"Evidence-based" thinking is dangerous in these situations. Real time statistics are not all that useful, as Rutgers probability researcher, Harry Crane, has pointed out. The case count of most countries is not the officially published numbers. Most countries have not been aggressively and proactively testing. In fact, many have been preventing testing. The only way to have a sense of the real numbers is by modeling various scenarios. Johns Hopkins did this in January with the Chinese data and found that, given the estimated spread rate, cases were far higher than being reported. China revised their case count significantly upwards in early February.
We learn in markets that we absolutely must see things as they are, not as we wish them to be. This means observing and assessing what influences markets to find the truth. Not to predict but to figure out what is happening and what the potential outcomes could be. We cannot abide by the status quo when it comes to seemingly "small probability" risks that might not occur. Those who fail to avoid being fooled by the past will not make it in investing. What happened in the past does not tell you what the risk was, until it's too late.
It has been difficult to get people to fully grasp why COVID-19 is a big deal. These numbers should persuade those still convinced the flu is more dangerous. The R0 (spread rate) has been between 2.2 to 2.5. We created a simplistic model to assess the potential spread (shown below in Figures 1 and 2). We conservatively assume an R0 starting at 2.2 in the U.S. and declining over time. The is compared to a constant influenza R0 of 1.3. Bear in mind all of this is for example purposes to show how and why COVID-19 could be a massive problem.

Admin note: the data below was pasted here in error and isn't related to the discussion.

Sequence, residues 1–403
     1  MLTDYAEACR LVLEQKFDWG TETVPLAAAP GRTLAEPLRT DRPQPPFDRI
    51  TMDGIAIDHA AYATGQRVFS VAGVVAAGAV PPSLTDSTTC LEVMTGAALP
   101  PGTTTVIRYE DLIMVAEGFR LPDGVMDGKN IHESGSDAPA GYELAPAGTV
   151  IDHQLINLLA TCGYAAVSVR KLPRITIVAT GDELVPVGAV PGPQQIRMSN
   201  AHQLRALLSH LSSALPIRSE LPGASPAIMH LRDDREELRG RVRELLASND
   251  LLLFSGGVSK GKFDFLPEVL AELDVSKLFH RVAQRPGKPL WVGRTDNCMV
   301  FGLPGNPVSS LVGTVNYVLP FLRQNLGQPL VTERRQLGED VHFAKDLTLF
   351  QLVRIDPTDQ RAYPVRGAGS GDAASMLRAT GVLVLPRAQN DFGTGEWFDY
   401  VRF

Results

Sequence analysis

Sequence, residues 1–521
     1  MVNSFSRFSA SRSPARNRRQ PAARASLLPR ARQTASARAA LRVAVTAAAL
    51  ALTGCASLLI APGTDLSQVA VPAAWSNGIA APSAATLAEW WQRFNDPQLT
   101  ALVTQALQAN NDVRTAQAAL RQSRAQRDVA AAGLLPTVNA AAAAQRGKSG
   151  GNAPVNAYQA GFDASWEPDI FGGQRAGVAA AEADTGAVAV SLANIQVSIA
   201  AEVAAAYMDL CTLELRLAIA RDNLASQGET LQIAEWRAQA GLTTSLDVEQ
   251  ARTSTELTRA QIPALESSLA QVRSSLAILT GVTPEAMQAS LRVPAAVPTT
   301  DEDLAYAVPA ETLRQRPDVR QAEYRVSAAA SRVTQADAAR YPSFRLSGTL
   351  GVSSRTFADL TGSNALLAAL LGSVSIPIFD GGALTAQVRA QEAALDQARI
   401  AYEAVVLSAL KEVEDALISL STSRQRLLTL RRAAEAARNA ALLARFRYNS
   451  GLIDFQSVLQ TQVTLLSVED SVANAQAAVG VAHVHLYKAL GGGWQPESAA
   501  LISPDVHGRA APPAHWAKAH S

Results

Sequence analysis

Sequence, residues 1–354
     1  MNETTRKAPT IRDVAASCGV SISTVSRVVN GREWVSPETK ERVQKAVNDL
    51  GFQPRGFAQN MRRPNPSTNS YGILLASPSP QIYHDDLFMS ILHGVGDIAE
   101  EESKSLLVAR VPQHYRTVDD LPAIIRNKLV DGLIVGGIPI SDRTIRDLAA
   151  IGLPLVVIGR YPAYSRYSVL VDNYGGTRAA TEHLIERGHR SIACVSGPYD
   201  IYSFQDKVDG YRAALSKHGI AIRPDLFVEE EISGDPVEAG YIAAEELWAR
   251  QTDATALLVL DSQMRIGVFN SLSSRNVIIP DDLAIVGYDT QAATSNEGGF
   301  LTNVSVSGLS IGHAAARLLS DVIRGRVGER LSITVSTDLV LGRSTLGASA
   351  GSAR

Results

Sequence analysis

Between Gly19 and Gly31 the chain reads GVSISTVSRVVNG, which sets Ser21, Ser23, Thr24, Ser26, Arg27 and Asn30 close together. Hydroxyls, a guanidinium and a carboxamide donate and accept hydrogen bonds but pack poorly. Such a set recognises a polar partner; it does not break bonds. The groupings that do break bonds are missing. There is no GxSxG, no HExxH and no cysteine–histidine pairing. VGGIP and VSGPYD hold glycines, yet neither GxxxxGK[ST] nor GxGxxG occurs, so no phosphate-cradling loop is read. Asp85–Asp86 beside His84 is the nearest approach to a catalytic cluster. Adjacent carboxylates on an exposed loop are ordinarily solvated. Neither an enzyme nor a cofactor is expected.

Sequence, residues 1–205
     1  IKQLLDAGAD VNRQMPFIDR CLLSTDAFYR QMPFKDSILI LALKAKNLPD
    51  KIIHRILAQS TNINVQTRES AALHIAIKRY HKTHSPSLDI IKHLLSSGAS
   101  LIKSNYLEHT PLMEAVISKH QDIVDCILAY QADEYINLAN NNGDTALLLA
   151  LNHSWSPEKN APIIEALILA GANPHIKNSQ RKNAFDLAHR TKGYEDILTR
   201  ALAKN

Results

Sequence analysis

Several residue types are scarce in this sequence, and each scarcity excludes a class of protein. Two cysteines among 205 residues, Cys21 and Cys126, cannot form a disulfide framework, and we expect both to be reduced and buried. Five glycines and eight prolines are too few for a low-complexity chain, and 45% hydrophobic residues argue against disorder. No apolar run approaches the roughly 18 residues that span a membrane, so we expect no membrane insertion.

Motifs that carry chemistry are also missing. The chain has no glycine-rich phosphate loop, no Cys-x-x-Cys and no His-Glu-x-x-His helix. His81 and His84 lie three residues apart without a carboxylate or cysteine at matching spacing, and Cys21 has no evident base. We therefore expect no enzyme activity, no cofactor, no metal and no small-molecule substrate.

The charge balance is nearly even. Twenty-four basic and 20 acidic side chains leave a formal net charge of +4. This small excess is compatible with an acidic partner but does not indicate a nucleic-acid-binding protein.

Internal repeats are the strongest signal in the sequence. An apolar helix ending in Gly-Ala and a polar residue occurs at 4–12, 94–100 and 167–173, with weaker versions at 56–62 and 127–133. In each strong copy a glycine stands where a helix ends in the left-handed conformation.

We assume we are somewhere in the yellow shaded area (G5-G7), given complete testing. The spread rate (R0) is assumed to be 2.05 (G7) and declining by a rate of R0*.99. We also assume half of each group enters quarantine or isolation, and is no longer spreading, after a lag of three periods. In other words, G(0) was the first group of 100 carriers. G(0) passed it to G1 at a rate of G(0)*2.2. G1 then passed it to G2 at a rate of G1*2.18, and so on. At the fourth period (t4), half of G1 is goes into isolation and is subtracted from the "cases" column because we are interested here in the multiplicative spread. Figure 2 shows the same information in graph form.